Gimme That Old-Time Moral Clarity
More moral clarity on true evil. Matthew Yglesias
reports, “Rep. Peter King, one of our moderate’ Republicans, just said on ‘Crossfire’ that there’s a ‘new axis of evil’ composed of “UN bureaucrats, The New York Times
, and Dan Rather.'”
Green Bay Bishop: Gay Marriage #1 Election Issue
The Bishop of Green Bay
wants Catholics to get cozy with Christ inside the voting booth. Declaring that abortion and gay marriage — especially the latter — outweigh the little things, such as war and money, he was stumping hard for Bush hit past week. “‘When you go to your local polls, don’t leave God outside,’ Zubik wrote. ‘Remember that God created marriage. It’s not a lifestyle choice that seeks to make marriage by law something God never intended marriage to be.'”
, the hard-right Catholic magazine helmed until recently by Bush’s Catholic GOTV pointman, Deal Hudson — since outed as a serial sexual predator — reveals a genuinely confusing statement from Kerry: “In a Thursday interview with Univision — the popular Spanish-language cable network — Senator John Kerry dropped a bomb. According to the Catholic News Agency, when the interviewer stated, ‘Some sectors of the Catholic Church are concerned because you support abortion and therefore you would be going against its teachings,’ Kerry replied, ‘I am against abortion.'” But that doesn’t do him any good with the Catholic Bishop of Arlington, Virginia, who in his Halloween homily declared that despite his four principles for selecting a candidate — “the protection of human life, the promotion of family life, the pursuit of social justice and the practice of global solidarity”– really only the first matters, and only when it comes to abortion, which is a position of no compromise — except when both candidates are for allowing abortion in some cases. In which case, you should just disregard all that “fundamental morality” and vote for Bush anyways. Phew! Thank goodness for moral clarity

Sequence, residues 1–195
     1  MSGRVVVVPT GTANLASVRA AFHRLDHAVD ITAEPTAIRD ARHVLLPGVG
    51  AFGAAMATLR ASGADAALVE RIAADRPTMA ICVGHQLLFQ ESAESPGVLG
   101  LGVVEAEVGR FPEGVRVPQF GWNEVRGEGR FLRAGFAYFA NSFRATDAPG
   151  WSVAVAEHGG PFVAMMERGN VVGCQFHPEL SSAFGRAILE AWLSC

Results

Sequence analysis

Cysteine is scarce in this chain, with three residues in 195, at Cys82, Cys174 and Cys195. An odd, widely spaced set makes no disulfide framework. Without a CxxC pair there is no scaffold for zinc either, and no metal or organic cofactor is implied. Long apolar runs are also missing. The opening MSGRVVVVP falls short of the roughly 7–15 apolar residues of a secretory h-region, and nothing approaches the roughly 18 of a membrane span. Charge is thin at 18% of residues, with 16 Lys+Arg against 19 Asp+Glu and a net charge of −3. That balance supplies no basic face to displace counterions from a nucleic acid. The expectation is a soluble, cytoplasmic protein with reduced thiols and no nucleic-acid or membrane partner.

Hi, This is Karl Rove. I’d Like You to Vote for Gay Marriage.
See “The Marriage Campaign,” above; then read this
. AP reports that unknown Kerry opponents are trying to spur anti-gay marriage voters to the polls with phony phone calls for gay marriage purporting to be from the Kerry campaign. Some pundits charge that the gay marriage ban initiatives weren’t so much populist as carefully planned to make sure conservatives disappointed with Bush go to the polls anyway. News like this makes that cynical story easier to believe.
“‘It is cosmic writ
that George W. Bush cannot become president of United States again.'” Indian “emperor of astrologers,” Lachhman Das Madan, sees a Kerry win.
Cemetaries Desecrated in France
As Roman Catholics celebrate All Saints Day, Catholic tombs in a French cemetary werevandalized
, marking the second cemetary attack of the weekend, after Jewish tombs were desecrated on Saturday with swastikas, the initials “SS,” and other racist inscriptions.
We’re getting reports that Christian television broadcasters around the country are making last minute pushes for Bush by showing all or part of “Stolen Honor,” the factually faulty anti-Kerry documentary. We’re curious about this conflation of faith and politicking — what Christian principles are being served? What Christian principles are being ignored?